In high northern or southern latitudes, solid clear ice melted affords good fresh water, the first runnings being thrown away as contaminated by adhering sea water. White cellular ice is quite unfit for the purpose, being strongly impregnated with salt. In future articles of our work, several opportunities will occur in which these two expedients for supplying ships with fresh water will be amply detailed. But on the present opportunity, it seemed proper to mention these easy and effectual expedients for preserving the health and lives of seamen, when in want of fresh water by the ordinary means.—Ed.
A Voyage to Guinea and the Cape de Verd Islands in 1566, by George Fenner
Three ships were employed on this voyage, the admiral, called the Castle of Comfort, George Fenner general of the expedition, and William Bats master; the May-Flower, vice-admiral, William Courtise master; the George, John Heiwood captain, and John Smith of Hampton master; besides a small pinnace. Walter Wren, the writer of the narrative, belonged to the George.
[Footnote 292: Hakluyt, II. 533. Astley, I. 185.]
[Footnote 293: This general was probably head factor—E.]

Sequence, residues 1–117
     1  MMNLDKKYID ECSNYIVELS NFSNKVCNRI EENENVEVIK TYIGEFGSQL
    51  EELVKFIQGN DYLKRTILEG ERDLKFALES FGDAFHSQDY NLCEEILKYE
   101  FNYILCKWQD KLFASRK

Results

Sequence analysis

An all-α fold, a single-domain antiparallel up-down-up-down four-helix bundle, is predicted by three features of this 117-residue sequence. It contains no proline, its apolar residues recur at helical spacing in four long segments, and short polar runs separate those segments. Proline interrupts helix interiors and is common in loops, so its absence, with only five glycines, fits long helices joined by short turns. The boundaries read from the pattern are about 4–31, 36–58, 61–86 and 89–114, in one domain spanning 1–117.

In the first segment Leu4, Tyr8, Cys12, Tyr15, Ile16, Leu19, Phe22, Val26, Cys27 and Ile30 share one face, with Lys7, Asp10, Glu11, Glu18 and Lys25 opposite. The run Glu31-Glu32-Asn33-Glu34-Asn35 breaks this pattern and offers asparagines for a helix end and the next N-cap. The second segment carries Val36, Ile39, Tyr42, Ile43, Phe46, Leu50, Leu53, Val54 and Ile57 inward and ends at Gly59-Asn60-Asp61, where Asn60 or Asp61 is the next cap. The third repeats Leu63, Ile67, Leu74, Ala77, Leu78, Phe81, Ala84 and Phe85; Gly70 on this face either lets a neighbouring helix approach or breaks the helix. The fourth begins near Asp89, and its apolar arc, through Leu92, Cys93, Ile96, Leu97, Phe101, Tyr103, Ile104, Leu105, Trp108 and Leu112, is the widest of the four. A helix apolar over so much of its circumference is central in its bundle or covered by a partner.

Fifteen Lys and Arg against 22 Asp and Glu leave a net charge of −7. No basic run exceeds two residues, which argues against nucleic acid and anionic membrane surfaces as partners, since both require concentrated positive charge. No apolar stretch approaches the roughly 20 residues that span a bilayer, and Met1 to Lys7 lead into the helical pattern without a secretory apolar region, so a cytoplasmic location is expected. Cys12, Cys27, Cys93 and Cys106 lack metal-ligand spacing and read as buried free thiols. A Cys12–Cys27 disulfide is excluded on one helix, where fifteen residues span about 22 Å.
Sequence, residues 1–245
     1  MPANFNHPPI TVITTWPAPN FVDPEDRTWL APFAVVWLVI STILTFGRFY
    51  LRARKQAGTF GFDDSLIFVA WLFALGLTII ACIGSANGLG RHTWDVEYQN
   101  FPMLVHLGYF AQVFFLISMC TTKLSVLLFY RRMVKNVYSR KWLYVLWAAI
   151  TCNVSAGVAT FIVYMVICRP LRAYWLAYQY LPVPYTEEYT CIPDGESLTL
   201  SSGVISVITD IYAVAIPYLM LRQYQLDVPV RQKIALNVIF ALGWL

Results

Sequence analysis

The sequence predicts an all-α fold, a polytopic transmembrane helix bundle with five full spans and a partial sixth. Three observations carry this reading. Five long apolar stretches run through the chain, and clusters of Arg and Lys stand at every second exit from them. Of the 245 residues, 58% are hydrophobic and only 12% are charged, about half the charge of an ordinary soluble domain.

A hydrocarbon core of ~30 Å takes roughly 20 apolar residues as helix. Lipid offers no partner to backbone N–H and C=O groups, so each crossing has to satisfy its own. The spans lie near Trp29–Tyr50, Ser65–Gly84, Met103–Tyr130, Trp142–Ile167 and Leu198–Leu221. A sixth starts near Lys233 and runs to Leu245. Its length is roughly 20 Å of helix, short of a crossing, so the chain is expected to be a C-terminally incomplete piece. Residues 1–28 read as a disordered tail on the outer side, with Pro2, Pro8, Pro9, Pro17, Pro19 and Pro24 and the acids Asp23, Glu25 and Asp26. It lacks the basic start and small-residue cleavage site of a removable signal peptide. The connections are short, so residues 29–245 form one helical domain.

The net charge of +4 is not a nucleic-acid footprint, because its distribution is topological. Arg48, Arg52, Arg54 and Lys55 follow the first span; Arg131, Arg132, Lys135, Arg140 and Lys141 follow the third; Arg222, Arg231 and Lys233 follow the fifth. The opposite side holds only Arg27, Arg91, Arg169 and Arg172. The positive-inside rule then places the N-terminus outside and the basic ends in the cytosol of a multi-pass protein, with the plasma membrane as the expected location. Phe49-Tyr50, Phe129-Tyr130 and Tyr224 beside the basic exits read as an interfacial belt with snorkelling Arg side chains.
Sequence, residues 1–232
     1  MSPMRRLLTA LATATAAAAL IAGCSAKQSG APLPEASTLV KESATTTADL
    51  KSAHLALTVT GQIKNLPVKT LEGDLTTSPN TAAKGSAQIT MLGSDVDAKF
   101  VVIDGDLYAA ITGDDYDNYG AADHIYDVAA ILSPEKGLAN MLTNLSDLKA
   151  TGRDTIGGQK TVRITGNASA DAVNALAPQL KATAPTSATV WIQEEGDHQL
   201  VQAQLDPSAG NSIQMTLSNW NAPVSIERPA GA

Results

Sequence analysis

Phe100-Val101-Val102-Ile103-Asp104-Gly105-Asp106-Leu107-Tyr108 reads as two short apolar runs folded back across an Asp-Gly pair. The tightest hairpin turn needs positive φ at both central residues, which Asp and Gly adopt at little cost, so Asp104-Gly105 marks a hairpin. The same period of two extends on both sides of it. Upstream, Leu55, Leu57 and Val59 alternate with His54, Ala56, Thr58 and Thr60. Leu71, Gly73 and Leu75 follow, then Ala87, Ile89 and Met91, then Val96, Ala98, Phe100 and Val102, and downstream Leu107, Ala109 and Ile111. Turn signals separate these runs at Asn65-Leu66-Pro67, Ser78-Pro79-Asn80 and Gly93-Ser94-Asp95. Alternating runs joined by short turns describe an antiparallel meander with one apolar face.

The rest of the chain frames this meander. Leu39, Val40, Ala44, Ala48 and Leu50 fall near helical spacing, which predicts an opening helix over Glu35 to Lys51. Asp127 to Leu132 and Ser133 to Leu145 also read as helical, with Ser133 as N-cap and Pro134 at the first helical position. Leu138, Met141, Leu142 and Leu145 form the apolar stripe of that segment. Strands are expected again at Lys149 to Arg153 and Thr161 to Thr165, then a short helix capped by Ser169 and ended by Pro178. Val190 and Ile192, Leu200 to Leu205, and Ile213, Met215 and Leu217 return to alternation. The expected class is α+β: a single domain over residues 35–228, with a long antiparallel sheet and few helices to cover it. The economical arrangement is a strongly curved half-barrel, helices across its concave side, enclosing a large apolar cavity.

We departed from Plymouth on the 10th December 1566, and were abreast of Ushant on the 12th. On the 15th we got sight of Cape Finister, and lost company of our admiral that night, for which reason we sailed along the coast of Portugal, hoping our admiral might be before us. Meeting a French ship on the 18th and getting no intelligence of our admiral, we made sail for the Canaries, and fell in with the island of Tenerife on the 28th, where we came to anchor in a small bay, at which there were three or four small houses, about a league from the town of Santa Cruz. In this island there is a marvellous high hill called the Peak, and although it is in lat. 28 deg. N. where the air is as warm in January as it is in England at midsummer, the top of this hill, to which no man has ever been known to ascend, is seldom free from snow even in the middle of summer. On the 3d January 1567, we departed from this place, going round the western point of the island, about 12 or 14 leagues from Santa Cruz, and came into a bay right over against the house of one Pedro de Souza, where we came to anchor on the 5th, and heard that our admiral had been there at anchor seven days before us, and had gone thence to the island of Gomera, to which place we followed him, and coming to anchor on the 6th over against the town of Gomera, we found our admiral at anchor to our great mutual satisfaction. We found here Edward Cooke in a tall ship, and a ship of the coppersmiths of London, which had been treacherously seized by the Portuguese in the bay of Santa Cruz on the coast of Barbary, or Morocco, which ship we left there all spoiled. At this place we bought 14 buts of wine for sea stores, at 15 ducats a but, which had been offered to us at Santa Cruz for 8, 9, or 10 ducats. The 9th we went to another bay about three leagues off, where we took in fresh water; and on the 10th we sailed for Cape Blanco on the coast of Africa.